Writing and Updating Resume/Curriculum Vita (C.V.)
Whether you're a student or alumnus, you should always have an updated copy of your resume or C.V. readily accessible to you. The difference between a resume and a C.V. is often in the eye of the beholder, but generally C.V.'s are more academically focused, and allow for more development of professional endeavors, whereas resumes are one or two page "advertisements" that highlight your main experiences and skills. Some professions prefer C.V. formats whereas others prefer resumes. Connect with us in Portland Campus Career Services to see which document will suit your needs best.
Formatting your document
For both resumes and C.V.'s include certain sections that are standard - job objective, education, experience, activities, community service and skills pertinent to your field. When describing your accomplishments, quantify whenever possible and cite results. Always keep your purpose, and the reader, in mind as you detail your skills, experiences and achievements. Be sure the document is consistent, accurate, appealing, easy to read, and error free. If printed, use a 25% cotton content business stationery.
Studies show most people find employment through some form of networking. We urge you to develop a network of professional contacts long before your job search starts.
Seek out contacts through conferences, clinical experiences, meetings, faculty, friends, family members and neighbors. Create a database with all network contacts and continue updating and adding to your network as you proceed through your program. We are here to help you develop, maintain and grow your network, so feel free to pay us a visit.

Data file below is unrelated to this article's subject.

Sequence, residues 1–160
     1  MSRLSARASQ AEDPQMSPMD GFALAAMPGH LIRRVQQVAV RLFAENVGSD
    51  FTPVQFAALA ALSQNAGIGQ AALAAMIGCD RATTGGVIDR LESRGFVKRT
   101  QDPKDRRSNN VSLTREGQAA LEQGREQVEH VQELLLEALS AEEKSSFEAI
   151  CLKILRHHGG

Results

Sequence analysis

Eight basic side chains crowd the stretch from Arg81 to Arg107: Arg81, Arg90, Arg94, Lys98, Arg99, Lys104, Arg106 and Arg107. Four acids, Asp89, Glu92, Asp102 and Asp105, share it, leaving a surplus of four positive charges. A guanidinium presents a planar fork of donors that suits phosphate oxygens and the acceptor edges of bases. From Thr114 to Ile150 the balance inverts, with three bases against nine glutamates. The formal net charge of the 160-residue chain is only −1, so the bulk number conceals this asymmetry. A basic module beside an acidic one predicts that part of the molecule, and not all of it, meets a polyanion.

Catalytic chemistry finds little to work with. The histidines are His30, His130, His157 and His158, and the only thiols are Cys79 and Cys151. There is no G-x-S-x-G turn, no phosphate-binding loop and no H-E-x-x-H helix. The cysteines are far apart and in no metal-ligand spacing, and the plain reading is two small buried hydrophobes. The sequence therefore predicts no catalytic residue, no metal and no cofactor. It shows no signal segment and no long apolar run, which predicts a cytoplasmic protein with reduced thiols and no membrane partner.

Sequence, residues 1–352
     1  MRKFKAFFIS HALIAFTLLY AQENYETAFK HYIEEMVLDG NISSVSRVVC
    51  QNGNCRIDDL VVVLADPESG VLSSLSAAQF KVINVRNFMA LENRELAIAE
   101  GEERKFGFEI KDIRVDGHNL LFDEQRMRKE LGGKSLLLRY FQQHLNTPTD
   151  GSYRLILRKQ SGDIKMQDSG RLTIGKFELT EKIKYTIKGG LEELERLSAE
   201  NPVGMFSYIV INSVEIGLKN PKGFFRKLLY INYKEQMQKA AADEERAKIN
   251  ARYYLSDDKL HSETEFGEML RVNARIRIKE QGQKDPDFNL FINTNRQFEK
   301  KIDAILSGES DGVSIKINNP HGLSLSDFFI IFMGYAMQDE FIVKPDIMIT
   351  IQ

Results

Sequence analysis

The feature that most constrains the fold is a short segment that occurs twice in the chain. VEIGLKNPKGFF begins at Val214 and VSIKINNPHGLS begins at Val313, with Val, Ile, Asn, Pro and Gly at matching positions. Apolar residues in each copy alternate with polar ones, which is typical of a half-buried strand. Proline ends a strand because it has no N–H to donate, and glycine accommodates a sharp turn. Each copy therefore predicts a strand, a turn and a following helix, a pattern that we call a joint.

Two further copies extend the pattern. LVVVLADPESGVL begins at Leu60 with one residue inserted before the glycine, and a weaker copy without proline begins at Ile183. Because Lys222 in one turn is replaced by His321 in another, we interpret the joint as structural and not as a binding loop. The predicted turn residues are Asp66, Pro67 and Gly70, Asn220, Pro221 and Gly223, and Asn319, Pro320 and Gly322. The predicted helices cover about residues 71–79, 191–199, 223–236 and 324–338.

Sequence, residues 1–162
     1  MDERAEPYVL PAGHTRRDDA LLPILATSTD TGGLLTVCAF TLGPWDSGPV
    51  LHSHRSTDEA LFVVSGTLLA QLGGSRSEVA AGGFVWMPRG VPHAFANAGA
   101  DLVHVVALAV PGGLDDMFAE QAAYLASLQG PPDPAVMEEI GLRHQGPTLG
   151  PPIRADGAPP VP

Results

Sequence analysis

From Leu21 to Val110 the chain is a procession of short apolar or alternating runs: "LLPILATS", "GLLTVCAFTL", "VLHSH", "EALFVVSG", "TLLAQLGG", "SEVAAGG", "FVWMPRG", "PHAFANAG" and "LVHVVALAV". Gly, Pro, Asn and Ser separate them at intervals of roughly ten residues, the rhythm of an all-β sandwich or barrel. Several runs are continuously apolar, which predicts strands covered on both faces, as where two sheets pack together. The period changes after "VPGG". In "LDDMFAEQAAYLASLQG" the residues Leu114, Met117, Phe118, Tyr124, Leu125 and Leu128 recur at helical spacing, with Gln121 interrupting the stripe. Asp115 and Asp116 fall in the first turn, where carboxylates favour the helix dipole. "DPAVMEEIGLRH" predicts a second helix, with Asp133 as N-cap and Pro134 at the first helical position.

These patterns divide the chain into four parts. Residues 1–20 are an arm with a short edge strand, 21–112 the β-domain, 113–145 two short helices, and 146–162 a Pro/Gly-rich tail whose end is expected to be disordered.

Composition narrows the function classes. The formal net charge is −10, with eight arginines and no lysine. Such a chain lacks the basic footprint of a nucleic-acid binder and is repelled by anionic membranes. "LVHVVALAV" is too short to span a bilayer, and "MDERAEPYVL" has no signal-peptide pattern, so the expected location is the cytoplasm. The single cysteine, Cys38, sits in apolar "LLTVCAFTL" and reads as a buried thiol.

Social networking is another avenue through which you may discover and develop relationships with professionals in your field. LinkedIn is especially useful. If you have not created a Linked In profile, meet with us to establish one and begin connecting with colleagues in your chosen profession.
Learn as much as you can about prospective employers before applying. Review websites, promotional material, media outlets and ask knowledgeable people about the organization. Seek out contacts for informational interviews, tours or meetings at job fairs and conferences. Study the culture, history and future plans of the organization so you can determine how you may meet their needs.
Before applying, take stock of your skills, experiences and goals that make you stand out from other potential applicants. Determine the best method for marketing yourself to the employer. Identify your most appropriate, relevant and enticing strengths. Acknowledge your weaknesses and devise a strategy for communicating them. Study the employer's needs by reviewing the job description and connecting it with your assets. We can be especially helpful in honing your branding strategy.
Employment Letters and Supporting Material